Weekend News Briefs from CVBT
April 14, 2017
State Water Project deliveries increased
• More good news about water for testate
• A closed-door meeting to watch with interest
• Central Valley lawmaker’s office vandalized
• And more….
This year’s State Water Project will supply to 100 percent for contractors north of the Sacramento-San Joaquin Delta and 85 percent of requests for other contractors, the Department of Water Resources says.
“We’re hopeful we’ll be able to increase deliveries even more as we monitor conditions,” says DWR Acting Director William Croyle.
The new allocation is the highest since 100 percent in 2006.
DWR initially estimated it would only be able to deliver 20 percent of the 4.1 million acre-feet of SWP water requested this year. That projection was increased to 45 percent on December 21 and to 60 percent on January 18 as storms developed.
DWR also says repairs have been completed to the intake structure at Clifton Court Forebay, a reservoir feeding the Delta pumps that deliver State Water Project water to most of California. Erosion damage was discovered last month on the concrete apron that supports the reservoir’s intake gates. Clifton Court Forebay and Delta pumping operations will return to normal on Sunday, DWR says.
Meanwhile, work continues to repair spillways at the keystone SWP reservoir, Lake Oroville. Lake levels this spring and summer have not been determined yet and will depend on public safety, the weather, and the pace at which the Sierra Nevada snowpack melts, among other factors.
Embattled Board of Equalization holds special meeting Monday
For the public, Monday’s special meeting of the state Board of Equalization could be hours of sitting around waiting for the board members to emerge from behind closed doors.
Last week BOA Executive Director David Gau refused to answer questions at a state Assembly hearing, citing a possible lawsuit. The hearing was called following a scathing report by the governor’s Department of Finance that said the BOE has failed to correct accounting deficiencies and allowed elected board members to use the labors of their staffs on pet projects.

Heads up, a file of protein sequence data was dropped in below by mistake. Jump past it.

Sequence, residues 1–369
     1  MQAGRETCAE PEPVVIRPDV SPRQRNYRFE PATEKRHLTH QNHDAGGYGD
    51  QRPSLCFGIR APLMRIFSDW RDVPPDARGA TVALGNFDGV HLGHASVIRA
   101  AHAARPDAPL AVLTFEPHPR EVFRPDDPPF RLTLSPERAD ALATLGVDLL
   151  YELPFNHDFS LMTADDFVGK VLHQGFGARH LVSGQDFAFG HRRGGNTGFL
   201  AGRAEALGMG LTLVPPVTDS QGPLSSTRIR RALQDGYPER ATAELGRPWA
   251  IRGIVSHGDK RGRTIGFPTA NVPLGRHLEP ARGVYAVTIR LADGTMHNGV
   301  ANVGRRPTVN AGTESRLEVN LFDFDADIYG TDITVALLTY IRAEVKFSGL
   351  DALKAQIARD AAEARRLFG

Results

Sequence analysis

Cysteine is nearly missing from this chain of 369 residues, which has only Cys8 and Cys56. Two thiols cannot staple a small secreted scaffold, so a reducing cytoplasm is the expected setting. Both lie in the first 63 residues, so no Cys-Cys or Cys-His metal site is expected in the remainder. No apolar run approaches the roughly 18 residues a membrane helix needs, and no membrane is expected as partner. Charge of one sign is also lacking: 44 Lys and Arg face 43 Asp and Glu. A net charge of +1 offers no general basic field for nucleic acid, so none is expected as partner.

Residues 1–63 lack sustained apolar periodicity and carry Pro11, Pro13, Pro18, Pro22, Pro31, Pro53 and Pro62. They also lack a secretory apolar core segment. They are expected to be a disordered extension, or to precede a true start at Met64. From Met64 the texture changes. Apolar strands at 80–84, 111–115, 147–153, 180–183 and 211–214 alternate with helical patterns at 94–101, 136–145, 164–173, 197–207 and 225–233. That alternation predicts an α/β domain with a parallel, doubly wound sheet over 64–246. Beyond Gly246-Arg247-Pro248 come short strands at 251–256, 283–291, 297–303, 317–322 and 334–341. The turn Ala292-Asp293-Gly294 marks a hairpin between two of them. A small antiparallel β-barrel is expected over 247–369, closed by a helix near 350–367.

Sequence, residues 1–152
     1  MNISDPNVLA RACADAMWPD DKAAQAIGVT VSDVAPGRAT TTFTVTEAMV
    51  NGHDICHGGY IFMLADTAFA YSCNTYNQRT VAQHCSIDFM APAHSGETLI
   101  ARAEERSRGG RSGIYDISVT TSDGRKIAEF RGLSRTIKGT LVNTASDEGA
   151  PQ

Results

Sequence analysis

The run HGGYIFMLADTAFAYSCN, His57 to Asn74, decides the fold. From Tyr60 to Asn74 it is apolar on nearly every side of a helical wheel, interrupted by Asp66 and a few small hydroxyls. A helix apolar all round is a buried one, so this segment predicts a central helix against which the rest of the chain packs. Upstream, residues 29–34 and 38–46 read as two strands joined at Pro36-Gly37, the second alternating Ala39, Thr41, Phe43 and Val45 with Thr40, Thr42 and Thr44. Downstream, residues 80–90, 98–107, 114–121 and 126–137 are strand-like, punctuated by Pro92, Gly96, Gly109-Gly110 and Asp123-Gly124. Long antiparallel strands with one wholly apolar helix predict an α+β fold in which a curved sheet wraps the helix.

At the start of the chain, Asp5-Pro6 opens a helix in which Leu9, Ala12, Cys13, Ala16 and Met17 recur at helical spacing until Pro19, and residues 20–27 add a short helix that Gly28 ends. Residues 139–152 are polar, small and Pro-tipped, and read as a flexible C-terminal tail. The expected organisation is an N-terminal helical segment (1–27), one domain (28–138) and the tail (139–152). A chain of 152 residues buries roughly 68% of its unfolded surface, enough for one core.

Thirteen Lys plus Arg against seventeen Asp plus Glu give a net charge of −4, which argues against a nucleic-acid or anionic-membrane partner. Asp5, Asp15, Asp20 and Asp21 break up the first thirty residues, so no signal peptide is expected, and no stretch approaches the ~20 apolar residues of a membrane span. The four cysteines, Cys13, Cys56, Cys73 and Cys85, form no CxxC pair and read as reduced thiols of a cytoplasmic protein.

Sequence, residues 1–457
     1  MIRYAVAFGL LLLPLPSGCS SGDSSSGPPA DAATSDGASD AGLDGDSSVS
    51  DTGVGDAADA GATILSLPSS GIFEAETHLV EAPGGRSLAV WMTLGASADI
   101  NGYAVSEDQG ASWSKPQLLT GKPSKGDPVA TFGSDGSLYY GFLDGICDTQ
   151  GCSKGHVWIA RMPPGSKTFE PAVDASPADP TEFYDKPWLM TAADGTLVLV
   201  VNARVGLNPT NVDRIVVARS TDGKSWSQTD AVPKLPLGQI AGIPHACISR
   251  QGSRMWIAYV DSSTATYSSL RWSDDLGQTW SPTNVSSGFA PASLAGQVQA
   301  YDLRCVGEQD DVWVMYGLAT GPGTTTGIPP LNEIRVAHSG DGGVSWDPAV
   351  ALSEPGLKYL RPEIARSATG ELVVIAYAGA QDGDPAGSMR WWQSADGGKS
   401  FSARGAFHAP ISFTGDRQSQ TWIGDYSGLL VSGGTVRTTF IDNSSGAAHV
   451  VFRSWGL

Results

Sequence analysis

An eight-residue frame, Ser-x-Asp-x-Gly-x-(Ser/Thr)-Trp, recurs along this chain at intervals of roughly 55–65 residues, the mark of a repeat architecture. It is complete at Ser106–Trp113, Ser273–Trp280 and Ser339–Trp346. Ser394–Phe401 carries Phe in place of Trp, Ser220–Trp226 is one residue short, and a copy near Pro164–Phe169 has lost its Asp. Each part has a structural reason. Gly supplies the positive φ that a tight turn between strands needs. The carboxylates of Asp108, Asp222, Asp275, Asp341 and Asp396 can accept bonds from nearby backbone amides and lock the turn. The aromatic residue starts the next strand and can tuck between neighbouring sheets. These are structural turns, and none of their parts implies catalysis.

Monday’s meeting agenda is brief: discussion about potential litigation and discussion about unnamed personnel.
Police probe vandalism at Assemblyman’s Modesto office
The investigation continues into a break-in at the Modesto offices of state Assemblyman Heath Flora.
The Republican lawmaker says, in a Tweet, that the “break-in follows two other incidents this year involving suspicious packages including a bag that Modesto Police confirmed was filled with the unassembled components of a homemade bomb.”
The break-in included smashing a plate glass window and scrawling graffiti on a wall.
Caltrans breaks ground on new bridge for Highway 49
Construction is underway on a new bridge on Highway 49 of the American Rive. It is designed to meet current seismic standards and provide safer access for motorists, pedestrians and bicyclists. The new bridge will replace the existing 62-year-old structure.
The $22 million project will include seismic upgrades, standard 8-foot shoulders and new sidewalks on both sides of the bridge. The highway will also be realigned and will include construction of new curbs, gutters, sidewalks and retaining walls that meet current design standards.